Should syllable boundary be indicated in the phonetic and/or phoneme transcription?

  • /dog.gi/ [dog.gi] 'doggy'
  • /doggi/ [dog.gi] 'doggy'

Or does the choice of one of the two strategies have certain entailments for the analysis?


Including syllable boundaries between slash brackets depends on two things: what you mean by slash brackets, and the facts of the particular language. Slash bracket may conventionally be used for underlying forms, in which case you would be saying the syllable structure is underlyingly present, and that would be a highly controversial claim needing justification. Slash brackets are also used to refer to a pre-phonetic level, before the introduction of any predictable properties such as flapping or aspiration are thought to be in English. That is, a phonemic transcription only includes unpredictable phonemes, not predictable allophones. But the position of a syllable boundary is usually predictable by rule. Thus it depends on your ideology regarding the concepts "phoneme" and "predictable". As is well-known, flapping and aspiration are surface unpredictable in English, so from the perspective of predicting one phonetic property on the basis of another phonetic property, flapping and aspiration are not fully predictable, therefore English does have flap and aspirate phonemes. But from a pre-surface perspective, these properties and segments are fully predictable. Likewise, surface-contrastive positioning of segments with respect to syllables (as in Hebridean Scottish Gaelic) always appears to be ultimately predictable. The predictive factor may be something abstract and phonological in nature, such as whether a pre-consonantal consonant is moraic versus non-moraic (e.g. Blackfoot or North Saami).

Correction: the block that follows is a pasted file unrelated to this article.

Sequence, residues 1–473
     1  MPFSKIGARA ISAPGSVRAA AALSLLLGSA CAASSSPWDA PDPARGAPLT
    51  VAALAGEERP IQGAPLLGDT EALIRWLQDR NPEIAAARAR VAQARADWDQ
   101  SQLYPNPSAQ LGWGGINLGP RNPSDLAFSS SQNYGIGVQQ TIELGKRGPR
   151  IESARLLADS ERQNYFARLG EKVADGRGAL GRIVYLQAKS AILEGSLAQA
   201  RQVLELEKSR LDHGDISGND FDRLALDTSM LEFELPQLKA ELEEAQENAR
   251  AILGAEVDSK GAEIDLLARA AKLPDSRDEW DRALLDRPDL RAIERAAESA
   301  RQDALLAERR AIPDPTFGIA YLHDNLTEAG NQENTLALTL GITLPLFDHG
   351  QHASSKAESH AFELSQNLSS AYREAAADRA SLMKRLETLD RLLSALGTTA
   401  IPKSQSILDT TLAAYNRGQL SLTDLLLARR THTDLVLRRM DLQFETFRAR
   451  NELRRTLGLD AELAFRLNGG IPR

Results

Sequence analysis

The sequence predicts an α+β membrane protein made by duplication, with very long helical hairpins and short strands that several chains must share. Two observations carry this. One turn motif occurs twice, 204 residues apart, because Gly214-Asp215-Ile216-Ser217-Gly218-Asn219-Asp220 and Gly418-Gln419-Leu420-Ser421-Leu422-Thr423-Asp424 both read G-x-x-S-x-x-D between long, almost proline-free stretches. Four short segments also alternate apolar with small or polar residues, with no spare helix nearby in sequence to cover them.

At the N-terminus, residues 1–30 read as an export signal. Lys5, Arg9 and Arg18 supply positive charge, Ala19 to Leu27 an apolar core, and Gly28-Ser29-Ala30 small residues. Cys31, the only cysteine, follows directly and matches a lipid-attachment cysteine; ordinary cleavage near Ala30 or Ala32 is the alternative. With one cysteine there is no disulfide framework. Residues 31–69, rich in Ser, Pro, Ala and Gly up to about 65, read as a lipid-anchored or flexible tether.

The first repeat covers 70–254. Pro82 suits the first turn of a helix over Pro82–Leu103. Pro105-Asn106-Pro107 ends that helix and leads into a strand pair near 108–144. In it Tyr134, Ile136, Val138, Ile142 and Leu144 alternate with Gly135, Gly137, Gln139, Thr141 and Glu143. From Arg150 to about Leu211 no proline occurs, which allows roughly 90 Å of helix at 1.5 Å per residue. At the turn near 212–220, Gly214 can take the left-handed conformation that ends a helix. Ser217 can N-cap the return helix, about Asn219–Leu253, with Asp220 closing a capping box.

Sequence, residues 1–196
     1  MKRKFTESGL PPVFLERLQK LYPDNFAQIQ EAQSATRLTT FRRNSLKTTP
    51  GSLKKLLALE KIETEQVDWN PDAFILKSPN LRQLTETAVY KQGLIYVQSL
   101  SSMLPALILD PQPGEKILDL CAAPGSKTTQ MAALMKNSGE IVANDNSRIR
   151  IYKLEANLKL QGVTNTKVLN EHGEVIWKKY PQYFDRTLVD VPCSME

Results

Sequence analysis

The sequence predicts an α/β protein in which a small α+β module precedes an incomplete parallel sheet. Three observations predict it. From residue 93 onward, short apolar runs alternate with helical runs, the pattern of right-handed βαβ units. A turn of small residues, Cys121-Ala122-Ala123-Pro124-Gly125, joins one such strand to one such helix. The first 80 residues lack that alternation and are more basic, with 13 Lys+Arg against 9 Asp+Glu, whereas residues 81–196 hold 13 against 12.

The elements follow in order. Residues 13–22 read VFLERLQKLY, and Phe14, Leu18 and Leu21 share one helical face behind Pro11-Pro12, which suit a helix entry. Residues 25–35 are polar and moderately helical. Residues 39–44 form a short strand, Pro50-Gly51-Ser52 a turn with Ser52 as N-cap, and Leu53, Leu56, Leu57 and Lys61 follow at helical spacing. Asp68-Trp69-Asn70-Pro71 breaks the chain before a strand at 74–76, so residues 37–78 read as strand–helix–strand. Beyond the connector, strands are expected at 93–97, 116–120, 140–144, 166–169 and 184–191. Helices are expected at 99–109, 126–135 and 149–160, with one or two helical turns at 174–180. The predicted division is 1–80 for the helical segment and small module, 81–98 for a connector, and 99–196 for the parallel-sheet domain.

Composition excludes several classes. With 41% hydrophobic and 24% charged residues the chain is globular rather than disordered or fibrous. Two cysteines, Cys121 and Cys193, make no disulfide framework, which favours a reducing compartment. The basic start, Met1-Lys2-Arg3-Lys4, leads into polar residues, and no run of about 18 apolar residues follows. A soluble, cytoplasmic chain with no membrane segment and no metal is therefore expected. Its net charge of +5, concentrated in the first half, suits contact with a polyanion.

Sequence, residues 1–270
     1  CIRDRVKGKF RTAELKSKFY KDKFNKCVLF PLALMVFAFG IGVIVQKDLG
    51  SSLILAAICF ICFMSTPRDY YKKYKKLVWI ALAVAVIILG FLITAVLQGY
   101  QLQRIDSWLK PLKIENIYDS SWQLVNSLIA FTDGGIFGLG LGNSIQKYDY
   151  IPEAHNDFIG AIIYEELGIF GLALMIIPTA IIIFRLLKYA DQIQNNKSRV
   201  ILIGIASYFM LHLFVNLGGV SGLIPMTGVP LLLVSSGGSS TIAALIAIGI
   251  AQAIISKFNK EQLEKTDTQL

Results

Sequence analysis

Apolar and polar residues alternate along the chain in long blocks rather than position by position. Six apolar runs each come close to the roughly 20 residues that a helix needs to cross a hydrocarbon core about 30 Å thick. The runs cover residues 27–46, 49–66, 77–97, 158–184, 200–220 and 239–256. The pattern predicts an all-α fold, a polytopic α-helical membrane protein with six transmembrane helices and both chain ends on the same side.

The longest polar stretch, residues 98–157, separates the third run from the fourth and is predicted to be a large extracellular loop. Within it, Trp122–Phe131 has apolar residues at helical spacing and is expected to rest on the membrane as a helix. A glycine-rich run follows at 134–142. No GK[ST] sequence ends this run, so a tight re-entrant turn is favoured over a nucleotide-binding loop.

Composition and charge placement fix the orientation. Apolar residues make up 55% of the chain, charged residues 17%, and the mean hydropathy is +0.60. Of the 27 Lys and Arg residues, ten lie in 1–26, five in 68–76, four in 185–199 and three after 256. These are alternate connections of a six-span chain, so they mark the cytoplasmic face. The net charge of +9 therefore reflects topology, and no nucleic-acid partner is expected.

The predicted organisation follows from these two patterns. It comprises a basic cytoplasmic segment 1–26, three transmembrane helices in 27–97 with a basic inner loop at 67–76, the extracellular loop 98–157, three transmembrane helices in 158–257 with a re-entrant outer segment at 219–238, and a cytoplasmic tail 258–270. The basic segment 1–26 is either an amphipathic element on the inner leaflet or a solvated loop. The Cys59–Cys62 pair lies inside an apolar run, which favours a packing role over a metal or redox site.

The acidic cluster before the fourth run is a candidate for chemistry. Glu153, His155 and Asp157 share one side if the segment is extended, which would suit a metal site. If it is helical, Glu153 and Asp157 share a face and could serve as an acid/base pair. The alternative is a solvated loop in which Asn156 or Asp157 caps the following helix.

Therefore, whether you should include syllable boundaries in a slash-bracket-enclosed transcription depends on what you are trying to say. If you mean that syllable boundaries are actually underlyingly present, then you should say that syllable boundaries are actually underlyingly present (and you should say why you believe that); if you believe that syllable boundaries are fully rule-governed but that those rules do not apply transparently to the surface level, then you should say that syllable boundaries are fully rule-governed but that those rules do not apply transparently to the surface level (and you should say what the source of opacity is). What you should not do is leave people to guess what your theory is regarding proper use of slash brackets and standards of phonemicity.